The final 2018 Farm Bill is expected to be voted on as early as next week. The bill would legalize hemp cultivation and could be a catalyst for explosive growth in a nascent industry that some forecast could top $20 billion by 2022.
The long-awaited bill would remove industrial hemp from the federal government's list of controlled substances, making it a lawful agricultural commodity. The hemp legislation introduced by Senate Majority Leader Mitch McConnell, R-Ky., earlier this year also allows states to become the primary regulators of hemp cultivation, enables researchers to apply for federal grants and makes the crop eligible for crop insurance.
“This open the floodgates for this industry to grow very rapidly and scale on a national level,” said Bethany Gomez, director of research for Brightfield Group, a cannabis market researcher based in Chicago.
The lion's share of the roughly $800 million U.S. hemp market today is for products that include the non-psychoactive compound CBD, cannabidiol. Products infused with CBD are used for a wide range of medical conditions, ranging from epilepsy and multiple sclerosis to arthritis and chronic pain. Laws involving CBD products differ in each state.
Up to now, industrial hemp production in the U.S. has been restricted to mostly research and pilot programs although imports from Canada, China and Europe have helped fill domestic demand for everything from hemp seeds to fibers. The legalization of hemp cultivation could boost investor interest across the sector.
“In the long run, it's all going to be managed and controlled by the U.S. Department of Agriculture, just like corn, soybeans and everything else,” said Chris Boucher, CEO of Farmtiva, a California-based hemp cultivation company. “It will also become an agricultural commodity, which in turn will allow crop insurance and Wall Street will be able to invest institutional funds into the hemp industry.”
House Agriculture Committee ranking member Collin Peterson, D-Minn., told reporters Tuesday the farm bill could be passed as early as next week.
“With any luck it'll be passed by the end of next week, but knowing how things go around here it may drag into the week after,” said Peterson, who is expected to become chairman of the House agriculture panel in the new Congress.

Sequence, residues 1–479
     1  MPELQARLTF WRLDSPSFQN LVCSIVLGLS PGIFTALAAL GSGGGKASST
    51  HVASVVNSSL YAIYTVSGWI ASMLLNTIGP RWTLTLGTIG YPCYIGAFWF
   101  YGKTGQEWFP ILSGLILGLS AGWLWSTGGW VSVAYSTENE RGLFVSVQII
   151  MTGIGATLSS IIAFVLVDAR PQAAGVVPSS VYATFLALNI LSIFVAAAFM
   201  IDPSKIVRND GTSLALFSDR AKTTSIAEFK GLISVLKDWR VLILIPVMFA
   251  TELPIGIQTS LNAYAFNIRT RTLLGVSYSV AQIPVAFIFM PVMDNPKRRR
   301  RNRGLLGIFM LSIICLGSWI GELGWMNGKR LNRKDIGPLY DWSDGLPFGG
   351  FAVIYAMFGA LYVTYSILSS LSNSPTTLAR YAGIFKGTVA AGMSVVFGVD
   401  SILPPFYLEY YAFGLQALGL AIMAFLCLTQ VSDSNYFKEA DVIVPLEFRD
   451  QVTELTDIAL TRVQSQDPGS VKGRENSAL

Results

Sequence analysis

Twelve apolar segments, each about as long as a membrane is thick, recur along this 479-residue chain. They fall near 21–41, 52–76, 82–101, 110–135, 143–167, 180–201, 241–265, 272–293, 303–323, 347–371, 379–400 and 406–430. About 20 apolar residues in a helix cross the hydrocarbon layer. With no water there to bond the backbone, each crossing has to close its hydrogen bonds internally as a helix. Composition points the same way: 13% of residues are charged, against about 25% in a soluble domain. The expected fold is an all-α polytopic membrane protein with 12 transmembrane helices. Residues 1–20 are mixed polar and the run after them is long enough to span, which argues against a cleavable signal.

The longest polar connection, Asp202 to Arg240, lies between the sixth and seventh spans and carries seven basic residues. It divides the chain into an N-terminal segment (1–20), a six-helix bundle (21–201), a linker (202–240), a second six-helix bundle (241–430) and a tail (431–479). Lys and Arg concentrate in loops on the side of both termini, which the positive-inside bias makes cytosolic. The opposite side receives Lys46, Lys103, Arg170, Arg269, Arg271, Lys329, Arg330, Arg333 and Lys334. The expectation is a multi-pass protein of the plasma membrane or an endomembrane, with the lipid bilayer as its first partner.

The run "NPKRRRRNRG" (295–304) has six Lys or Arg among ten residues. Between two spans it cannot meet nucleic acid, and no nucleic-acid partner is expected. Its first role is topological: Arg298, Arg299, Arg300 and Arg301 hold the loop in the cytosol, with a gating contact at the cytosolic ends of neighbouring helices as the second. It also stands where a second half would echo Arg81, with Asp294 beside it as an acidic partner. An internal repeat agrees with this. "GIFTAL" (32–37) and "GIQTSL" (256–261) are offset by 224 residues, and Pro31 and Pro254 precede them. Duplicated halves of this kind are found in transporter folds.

A day earlier, Peterson told Minnesota Public Radio he was considering becoming a hemp producer.
“I may grow some hemp on my farm,” he said. “I'm looking at it. There's a big market for this stuff that we've been ceding to Canada and other places.”
Hemp is a cannabis cousin of marijuana but it contains low levels of THC, the chemical that produces a “high” for pot users. Industrial hemp is used to make everything from apparel, foods and pharmaceuticals to personal care products, car dashboards and building materials.
“The vast majority of the market right now is going for CBD products,” said Brightfield Group's Gomez. “You can find some hemp seed-based beauty products or hemp in some cereals and things like that, and there's such usage on the fibers for like clothes and other industrial purposes, but that's really minimal right now.”
Brightfield Group estimates the domestic hemp market could reach $22 billion in the next four years. The estimate factors in the hemp amendment in the farm bill becoming law.
Hemp Industry Daily projects the hemp-derived CBD retail market will reach between $2.5 billion and $3.1 billion by 2022, which assumes growth in retail penetration but a scenario of no major change in current federal policies concerning hemp.
“There are three words why we have hemp now, and those words are tobacco state Republicans,” said Kristin Nichols, editor at Denver-based Hemp Industry Daily, a publication owned by MJBizDaily. “There's been strong support from lawmakers and politicians up and down in former tobacco states looking for a replacement crop.”